"Sex life is a relevant consideration for the majority of patients with degenerative spondylolisthesis and spinal stenosis," notes Dr. Shane Burch. "Operative treatment leads to improved sex life-related pain," in addition to reducing pain and disability from degenerative spinal conditions.

Skipping breakfast, insufficient sleep increases risk of obesity

Washington D.C [USA], Nov. 12 : According to a new research, child obesity is linked to multiple factors such as mothers smoking in pregnancy, children skipping breakfast and not having a regular bedtime or sufficient sleep.

All three issues appear to be important factors in predicting whether a child will become overweight or obese. Since they are early life factors, they can be modified and the research highlights the possibility that prompt intervention could curb the growth in childhood obesity.

Being overweight or obese is linked to a child having poorer mental health, which can extend into adolescence and adulthood. This poorer psychosocial well-being includes low self-esteem, unhappiness as well as risky behaviours such as cigarette smoking and alcohol consumption.

Food-allergic students feel vulnerable in college

Food-allergic students feel vulnerable in college

Washington D.C [USA], Nov. 12 : In a recent study it was found that most colleges don't have integrated systems in place to support food-allergic students.

"Our study found that while many colleges offer support for students with food allergy in the dining hall, the same support doesn't carry over to organized sports, dormitories or social events" says food allergy researcher Ruchi Gupta. "That leaves students feeling vulnerable and scrambling to inform all the various departments of their needs."

The study found that while these students don't want to be defined by their allergies, they value feeling safe. They are willing to work with school officials to create more education around what administrators and other students need to know about food allergies.

Find out! Is your toddler allergic to peanuts?

Washington D.C [USA], Nov. 12 : Infants might be allergic to peanuts which make parents perplexed about when and how to introduce peanut-containing foods to them. A recent study that offers guidance on this topic will definitely help out parents without going "nuts."

"The first step is determining if your child is at high-risk for peanut allergy," says Amal Assa'ad. "Before introducing peanut-containing foods to a high-risk infant, the infant should be seen by their primary health care provider who will determine if referral to an allergist for testing and/or in-office introduction is needed."

Flu shots, access to medication help kids combat asthma

Flu shots, access to medication help kids combat asthma

Washington D.C [USA], Nov. 12 : Kids with asthma require regular flu shots and schools with equipment and access to medications to treat asthma.

The study, presented at the American College of Allergy, Asthma and Immunology (ACAAI) Annual Scientific Meeting suggested that kids with asthma should get an annual flu vaccine and schools with equipment and access to medications to treat asthma.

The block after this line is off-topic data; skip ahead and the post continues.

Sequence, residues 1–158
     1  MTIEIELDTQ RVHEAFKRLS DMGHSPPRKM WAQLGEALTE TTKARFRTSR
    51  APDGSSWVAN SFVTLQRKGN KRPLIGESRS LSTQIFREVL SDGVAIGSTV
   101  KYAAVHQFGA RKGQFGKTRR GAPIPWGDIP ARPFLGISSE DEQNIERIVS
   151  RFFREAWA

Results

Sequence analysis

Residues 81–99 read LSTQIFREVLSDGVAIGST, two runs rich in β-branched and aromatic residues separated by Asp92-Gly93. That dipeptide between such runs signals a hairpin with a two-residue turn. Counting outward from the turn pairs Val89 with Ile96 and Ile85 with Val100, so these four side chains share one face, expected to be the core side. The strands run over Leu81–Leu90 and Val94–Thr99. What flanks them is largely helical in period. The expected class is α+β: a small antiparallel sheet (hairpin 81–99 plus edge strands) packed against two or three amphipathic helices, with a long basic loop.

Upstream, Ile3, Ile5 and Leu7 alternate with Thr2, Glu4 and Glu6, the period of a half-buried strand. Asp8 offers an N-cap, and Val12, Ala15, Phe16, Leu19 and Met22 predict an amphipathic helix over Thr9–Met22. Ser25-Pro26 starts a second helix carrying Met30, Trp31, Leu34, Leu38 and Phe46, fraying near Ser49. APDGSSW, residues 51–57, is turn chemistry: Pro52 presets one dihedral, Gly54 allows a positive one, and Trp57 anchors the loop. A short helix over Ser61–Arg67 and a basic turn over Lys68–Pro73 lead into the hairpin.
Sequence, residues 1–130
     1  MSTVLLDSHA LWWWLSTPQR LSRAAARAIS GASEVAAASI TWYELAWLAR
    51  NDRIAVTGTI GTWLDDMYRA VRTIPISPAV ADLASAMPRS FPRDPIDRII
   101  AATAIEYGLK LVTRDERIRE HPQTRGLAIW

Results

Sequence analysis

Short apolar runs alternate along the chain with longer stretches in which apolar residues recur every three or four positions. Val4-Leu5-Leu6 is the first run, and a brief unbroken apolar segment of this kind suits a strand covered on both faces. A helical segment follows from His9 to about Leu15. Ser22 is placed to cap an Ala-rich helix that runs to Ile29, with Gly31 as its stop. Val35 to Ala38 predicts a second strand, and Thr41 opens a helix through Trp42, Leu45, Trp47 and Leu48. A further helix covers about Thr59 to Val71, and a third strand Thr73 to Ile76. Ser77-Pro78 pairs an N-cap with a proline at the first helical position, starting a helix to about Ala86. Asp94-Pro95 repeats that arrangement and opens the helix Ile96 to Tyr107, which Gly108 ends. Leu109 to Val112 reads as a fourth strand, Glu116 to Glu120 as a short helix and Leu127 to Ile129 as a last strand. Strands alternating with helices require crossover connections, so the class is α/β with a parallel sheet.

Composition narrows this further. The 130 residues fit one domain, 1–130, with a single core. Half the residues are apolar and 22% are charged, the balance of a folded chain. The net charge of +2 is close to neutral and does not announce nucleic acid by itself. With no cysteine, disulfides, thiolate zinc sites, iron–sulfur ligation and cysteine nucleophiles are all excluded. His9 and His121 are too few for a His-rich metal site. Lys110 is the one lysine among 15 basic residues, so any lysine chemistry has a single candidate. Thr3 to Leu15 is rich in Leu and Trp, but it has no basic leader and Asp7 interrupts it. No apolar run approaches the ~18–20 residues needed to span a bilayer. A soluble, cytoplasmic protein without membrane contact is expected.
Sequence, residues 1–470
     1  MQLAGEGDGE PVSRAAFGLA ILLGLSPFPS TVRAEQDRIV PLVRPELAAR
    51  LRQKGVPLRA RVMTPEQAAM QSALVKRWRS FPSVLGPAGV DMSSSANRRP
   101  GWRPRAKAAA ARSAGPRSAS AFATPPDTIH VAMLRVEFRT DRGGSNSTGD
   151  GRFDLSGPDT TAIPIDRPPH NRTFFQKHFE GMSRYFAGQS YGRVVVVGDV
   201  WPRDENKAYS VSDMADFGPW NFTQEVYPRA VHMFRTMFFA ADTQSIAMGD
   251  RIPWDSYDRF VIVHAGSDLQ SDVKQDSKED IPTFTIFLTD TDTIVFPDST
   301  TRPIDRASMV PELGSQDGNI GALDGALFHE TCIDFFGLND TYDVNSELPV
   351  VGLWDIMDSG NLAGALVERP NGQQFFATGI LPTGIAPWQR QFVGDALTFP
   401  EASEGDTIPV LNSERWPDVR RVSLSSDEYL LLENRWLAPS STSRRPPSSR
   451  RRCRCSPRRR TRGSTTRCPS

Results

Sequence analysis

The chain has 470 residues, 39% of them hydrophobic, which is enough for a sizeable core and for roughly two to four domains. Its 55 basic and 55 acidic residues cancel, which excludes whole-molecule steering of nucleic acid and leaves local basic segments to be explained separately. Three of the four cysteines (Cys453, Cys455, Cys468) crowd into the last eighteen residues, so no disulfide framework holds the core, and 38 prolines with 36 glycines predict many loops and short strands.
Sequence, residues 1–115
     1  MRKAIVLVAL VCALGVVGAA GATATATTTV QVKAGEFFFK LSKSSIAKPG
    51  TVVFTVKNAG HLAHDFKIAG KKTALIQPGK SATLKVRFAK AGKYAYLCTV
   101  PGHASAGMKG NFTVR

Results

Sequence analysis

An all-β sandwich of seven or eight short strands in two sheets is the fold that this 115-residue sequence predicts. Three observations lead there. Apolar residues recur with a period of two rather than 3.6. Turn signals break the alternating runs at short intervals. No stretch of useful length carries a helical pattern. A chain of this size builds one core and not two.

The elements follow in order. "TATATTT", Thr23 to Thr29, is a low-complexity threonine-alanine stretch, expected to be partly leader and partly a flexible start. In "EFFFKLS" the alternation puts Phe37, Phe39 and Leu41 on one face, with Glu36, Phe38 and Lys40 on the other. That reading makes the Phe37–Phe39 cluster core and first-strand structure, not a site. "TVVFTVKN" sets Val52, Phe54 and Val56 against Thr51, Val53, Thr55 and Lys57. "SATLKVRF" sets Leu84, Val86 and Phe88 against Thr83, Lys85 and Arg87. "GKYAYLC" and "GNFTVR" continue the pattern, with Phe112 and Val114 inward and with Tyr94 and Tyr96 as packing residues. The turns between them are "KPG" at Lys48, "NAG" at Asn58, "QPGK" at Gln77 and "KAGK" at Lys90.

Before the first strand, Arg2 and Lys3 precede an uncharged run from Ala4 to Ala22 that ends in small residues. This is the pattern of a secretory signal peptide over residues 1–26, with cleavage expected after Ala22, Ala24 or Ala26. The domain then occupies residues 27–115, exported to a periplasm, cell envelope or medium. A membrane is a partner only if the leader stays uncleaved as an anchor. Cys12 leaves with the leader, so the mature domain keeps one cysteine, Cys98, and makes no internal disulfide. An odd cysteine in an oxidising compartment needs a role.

The first study looked at outcomes for kids with asthma following passage of a bill in Missouri which provides schools with equipment and access to medications to treat asthma. It also allows trained school employees to administer bronchodilator treatments to students when needed.

Several ways you're damaging your bones, muscles everyday

Several ways you're damaging your bones, muscles everyday

New Delhi [India] Nov. 12 : Maintaining healthy bones and muscles as you age is extremely important in preventing debilitating conditions like fractures and osteoporosis, especially for women.

Bone density is the greatest when you are in your 20s, but after that you begin to lose bone mass, making your bones weaker and more susceptible to damage. While there is nothing you can do to prevent this from happening, there are certain lifestyle choices that can accelerate bone loss and muscles damage.

Here are some of the common habits that damage the health of your bones:

1. Alcohol Use

Diabetes can affect your vision- an eye-opening fact

Diabetes can affect your vision- an eye-opening fact

New Delhi [India] Nov. 12 : In India, diabetes is spreading like an epidemic. More than 651 million people are struggling with this condition which is not even sparing children and young working adults.

In 2015, almost 415 million adults were living with diabetes and the number is predicted to escalate to 642 million by 2040 (International Diabetes Federation). Diabetes not only affects the overall health of the body but is a deadly threat to the eyesight.

Lack of awareness, delayed diagnosis, improper diabetic management and opting home remedies instead of medical treatment often leads to eye problems related to diabetes.

Tips to prevent breast cancer in women

Tips to prevent breast cancer in women

New Delhi [India] Nov. 10 : Cervical cancer was once considered one of the most life-threatening diseases for women, claiming one life every seven minutes, as per data recorded in 2008.